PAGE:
Travel Reports

UNESCO Creative City of Crafts and Folk Art in the Chubu region

By PUREV, Enkhee. Posted on December 23, 2015

Kanazawa is a hidden beauty of culture and art in the Chubu region. In June 2009, Kanazawa was registered as a UNESCO Creative City for its crafts and folk art. I visited Kanazawa three times in 2014 during the summer and winter, and this time, I planned to visit art and cultural sites in Kanazawa during the fall. I noticed that the layout of Kanazawa Station has completely changed since the new route for the Shinkansen, Japan's famous bullet train, arrived here in 2015. Every year in late November, Kanazawa is crowded with both tourists and locals drawn by the beautiful fall leaves. Two days in Kanazawa is enough time to explore all these unique sites. 

Kenroku-en

Kenroku-en is the one of the most beautiful three gardens in Japan. Located in the heart of Kanazawa, the seasonal changes at Kenroku-en constantly attract tourists — especially in late November due to the colorful fall leaves and the nighttime illumination. This year's fall illumination took place from the 20th of November until the 29th, during the hours of 17:30 to21:00. During the illumination period, the Kanazawa orchestra plays romantic music inside of the open-air teahouse on the lake. 

4.jpg

Kaga Yuzen Silk Dyeing

The origins of Kaga-yuzen silk dyeing can be traced back to the Kaga region's unique Umezome dyeing technique, which uses ingredients obtained from plum trees. Today, Kaga Yuzen techniques are also applied to Western clothing. Kaga Yuzen Traditional Industry Center allows you to use brushes to paint traditional patterns on handkerchiefs. You can also rent an authentic Kaga Yuzen silk kimono.

Kaga Yuzen Traditional Industry Center is located near Kanazawa Castle. You can go there after visiting Kenroku-en.

Handkerchief painting for 60 minutes costs 2,700 yen. Kimono wearing for 20 minutes costs 2,000 yen.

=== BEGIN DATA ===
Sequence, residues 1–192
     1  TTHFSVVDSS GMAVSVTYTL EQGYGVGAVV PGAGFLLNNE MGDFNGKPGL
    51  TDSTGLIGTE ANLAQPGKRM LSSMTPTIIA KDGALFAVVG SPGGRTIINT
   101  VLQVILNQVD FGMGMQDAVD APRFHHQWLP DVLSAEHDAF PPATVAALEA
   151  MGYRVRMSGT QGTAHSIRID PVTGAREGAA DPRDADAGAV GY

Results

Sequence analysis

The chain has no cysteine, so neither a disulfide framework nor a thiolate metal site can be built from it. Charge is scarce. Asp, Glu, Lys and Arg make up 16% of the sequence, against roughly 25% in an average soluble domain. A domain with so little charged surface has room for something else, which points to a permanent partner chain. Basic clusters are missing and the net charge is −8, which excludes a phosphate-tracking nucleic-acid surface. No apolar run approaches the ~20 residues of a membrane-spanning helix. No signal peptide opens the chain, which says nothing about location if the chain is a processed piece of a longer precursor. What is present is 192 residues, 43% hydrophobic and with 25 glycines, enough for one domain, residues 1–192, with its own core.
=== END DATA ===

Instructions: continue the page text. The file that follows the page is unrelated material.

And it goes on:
Address: 8-8 Kosho-machi, Kanazawa. Open from 9:00-17:00.

5.jpg

 

 

 

 

 

 

 

 

 

 

 

 

 

 

 

 

 

 

 

 

6.jpg

 

 

 

 

 

 

 

 

 

 

 

 

 

Oyama Jinja Shrine

Oyama Shrine (尾山神社, Oyama Jinja) is dedicated to Maeda Toshiie, the first lord of the local powerful Maeda Clan. Oyama Shrine was designed by a Dutch architect, and you can see how it combines European and Japanese architectural elements.

Hachiman Doll Painting

Kaga Hachiman Dolls are traditionally made in Kanazawa. They are symbols of good health and happiness for newborn babies and have been designated as one of Kanazawa’s valued traditional crafts. These dolls are made from delicate Japanese paper using a method similar to papier-mâché. I would recommend that you visitthein Nakashima Menya doll shop, where you can buy dolls made by the owner.

The address is 2-3-12 Owari-cho, Kanazawa. You should make a reservation before you visit the shop.

9.jpg

Vegan Takano restaurant

Planning meals during trips can be difficult for vegan travellers. As a vegan, I always use the Happy Cow application on my smartphone, which shows me where the nearest vegan restaurant is. Far from the Kanazawa city center, Tan Tan restaurant is near Kanazawa University, and it offers various vegan meal options. You can take bus number 18 from Kanazawa Station to Akasaka Station.

1.jpg

The Higashi Chaya district

The Higashi Chaya district is the largest of the chaya districts and one of the only places outside Kyoto with geishas. The historical rowhouses of this teahouse town have been designated as national cultural assets along with Kyoto's Gion and Kanazawa's Kazue-machi. The rest house for tourists in the Higashi-Chaya district is a recreation of a townhouse from the latter half of the 19th century. You can get free stamps from the Higashi Chaya district in your stamp book or a souvenir notebook. If you are lucky, your visit might coincide with a traditional Japanese wedding. Kanazawa now accounts for 99% or more of Japan's gold leaf production, which started in the 16th century. Major gold leaf shops are located in the Higashi Chaya district.

 

Utatsuyama autumn colors

If you were wondering if Kenroku-en was the only place in Kanazawa where you could see the leaves change color in fall, the answer is definitely “no.” It is a short walking distance from the Higashi Chaya district to the foot of the mountains, and continuing up the hill along winding alleys, you can see old shrines and temples. Utatsuyama Park offers a view overlooking the entire city of Kanazawa. While you enjoy walking the mountain trails, you will have the chance to see many shrines and temples.

13.jpg14.jpg

Profile

PUREV, Enkhee

Enkhee lives in Nagoya. She is doing her doctoral research in Nagoya. She likes travel and discover new things in Japan in her eyes beside that she has experienced travel in Europe.

Spot Info

Read more reports